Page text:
Updated: Lance Armstrong Joined NBC Sports’ Tour de France Live Coverage

Is it the best move for cycling?

Lance Armstrong joined the NBC Sports crew during stage 11 once again. The former pro cyclist gave some insight into the GC battle that has blown up over the last few days. Armstrong called for Geraint Thomas and his Ineos squad to wear down Julian Alaphilippe in the upcoming mountain stages. The Texan also expects Colombian Nairo Quitnana to jump up in the overall standings at the same time. Watch the complete interview below.


During stage 3 and 4 of NBC Sports’ 2019 Tour de France coverage, Lance Armstrong joined Phil Liggett and Bob Roll on screen for a break down of the action. Fielding questions from the studio like “Who will win the stage?”  and “How long will Julian Alaphilippe keep the yellow jersey?” Armstrong looked confident and comfortable on screen.

Lance during live coverage of stage 4.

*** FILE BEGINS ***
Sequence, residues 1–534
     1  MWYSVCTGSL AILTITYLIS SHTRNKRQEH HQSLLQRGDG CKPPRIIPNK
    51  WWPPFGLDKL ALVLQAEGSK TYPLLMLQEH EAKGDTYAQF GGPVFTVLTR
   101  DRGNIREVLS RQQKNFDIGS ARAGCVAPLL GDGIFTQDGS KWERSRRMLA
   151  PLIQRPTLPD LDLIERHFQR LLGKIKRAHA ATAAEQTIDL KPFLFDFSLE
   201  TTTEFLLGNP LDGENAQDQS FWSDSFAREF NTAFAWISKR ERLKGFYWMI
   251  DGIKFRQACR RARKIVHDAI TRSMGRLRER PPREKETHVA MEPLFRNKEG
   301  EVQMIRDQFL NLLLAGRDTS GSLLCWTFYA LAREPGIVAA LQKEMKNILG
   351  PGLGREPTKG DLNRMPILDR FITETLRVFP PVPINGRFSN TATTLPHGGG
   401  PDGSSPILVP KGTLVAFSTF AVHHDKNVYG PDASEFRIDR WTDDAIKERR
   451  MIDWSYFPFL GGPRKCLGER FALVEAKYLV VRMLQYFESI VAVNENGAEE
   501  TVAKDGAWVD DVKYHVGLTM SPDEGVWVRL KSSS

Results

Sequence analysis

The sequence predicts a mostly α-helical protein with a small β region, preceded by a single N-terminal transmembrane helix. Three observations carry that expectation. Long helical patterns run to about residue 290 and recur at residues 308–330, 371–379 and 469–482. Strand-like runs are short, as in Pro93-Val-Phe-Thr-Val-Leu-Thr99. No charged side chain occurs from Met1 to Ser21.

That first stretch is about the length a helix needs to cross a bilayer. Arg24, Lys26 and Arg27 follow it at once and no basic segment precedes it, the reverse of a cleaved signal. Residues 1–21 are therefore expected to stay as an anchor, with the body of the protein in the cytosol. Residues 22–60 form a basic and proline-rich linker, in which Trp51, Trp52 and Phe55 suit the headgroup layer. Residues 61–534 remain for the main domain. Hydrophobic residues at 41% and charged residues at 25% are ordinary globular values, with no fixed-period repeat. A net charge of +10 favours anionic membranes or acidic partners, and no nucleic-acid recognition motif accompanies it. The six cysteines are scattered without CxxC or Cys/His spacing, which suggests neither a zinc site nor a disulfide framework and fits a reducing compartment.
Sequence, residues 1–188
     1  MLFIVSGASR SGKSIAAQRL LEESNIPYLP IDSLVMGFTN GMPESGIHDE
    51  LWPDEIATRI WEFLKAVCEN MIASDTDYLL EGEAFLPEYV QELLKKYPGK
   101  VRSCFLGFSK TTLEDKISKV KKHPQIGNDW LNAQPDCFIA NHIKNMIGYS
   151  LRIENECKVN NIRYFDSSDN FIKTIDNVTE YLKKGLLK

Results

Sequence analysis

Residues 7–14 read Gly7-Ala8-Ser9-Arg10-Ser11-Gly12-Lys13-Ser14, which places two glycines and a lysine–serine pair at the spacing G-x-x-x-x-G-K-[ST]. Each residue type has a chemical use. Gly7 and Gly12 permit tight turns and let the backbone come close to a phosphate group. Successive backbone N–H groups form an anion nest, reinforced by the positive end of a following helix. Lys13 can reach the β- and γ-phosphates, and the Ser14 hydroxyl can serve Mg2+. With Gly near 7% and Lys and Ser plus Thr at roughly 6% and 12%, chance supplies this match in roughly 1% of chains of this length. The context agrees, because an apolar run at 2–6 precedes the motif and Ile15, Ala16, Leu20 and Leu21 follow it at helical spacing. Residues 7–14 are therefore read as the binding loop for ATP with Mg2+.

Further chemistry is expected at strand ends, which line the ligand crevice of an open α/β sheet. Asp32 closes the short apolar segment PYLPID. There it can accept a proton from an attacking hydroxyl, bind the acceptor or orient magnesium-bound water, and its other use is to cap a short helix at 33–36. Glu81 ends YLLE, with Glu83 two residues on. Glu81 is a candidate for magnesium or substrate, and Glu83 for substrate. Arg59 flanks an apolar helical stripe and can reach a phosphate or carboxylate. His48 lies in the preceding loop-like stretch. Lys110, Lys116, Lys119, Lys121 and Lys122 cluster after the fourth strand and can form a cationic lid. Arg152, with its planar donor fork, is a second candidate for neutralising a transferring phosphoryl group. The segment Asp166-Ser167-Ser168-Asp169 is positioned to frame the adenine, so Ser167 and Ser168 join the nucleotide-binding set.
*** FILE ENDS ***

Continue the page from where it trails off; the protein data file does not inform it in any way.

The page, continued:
Armstrong hosts The Move podcast where he breaks down the latest WorldTour races and other endurance sports news, The Texan is currently covering every stage of the tour with daily episodes of his podcast with guests like George Hincapie. So far this week, The Move is ranked first in the Sports and Recreation category on iTunes for listeners.

On May 29th, NBC Sports aired a 30 minute interview called Lance Armstrong: Next Stage. In it Armstrong said “I wouldn’t change a thing. I wouldn’t change the way I acted,”  “I mean I would, but this is a longer answer.

“Primarily, I wouldn’t change the lessons that I’ve learned. I don’t learn all the lessons if I don’t act that way. I don’t get investigated and sanctioned if I don’t act the way I acted.

“If I just doped and didn’t say a thing, none of that would have happened. None of it. I was begging for, I was asking for them to come after me. It was an easy target.”

Armstrong has largely been shunned by the international cycling world since being exposed as a doping cheat. He was issued with a lifetime ban by the United States Anti-Doping Agency in 2012.

Having denied the doping allegations for years, Armstrong eventually made a public confession in a television interview with US chat show host Oprah Winfrey in 2013.

“We did what we had to do to win. It wasn’t legal, but I wouldn’t change a thing: whether it’s losing a bunch of money, going from hero to zero,” Armstrong said.



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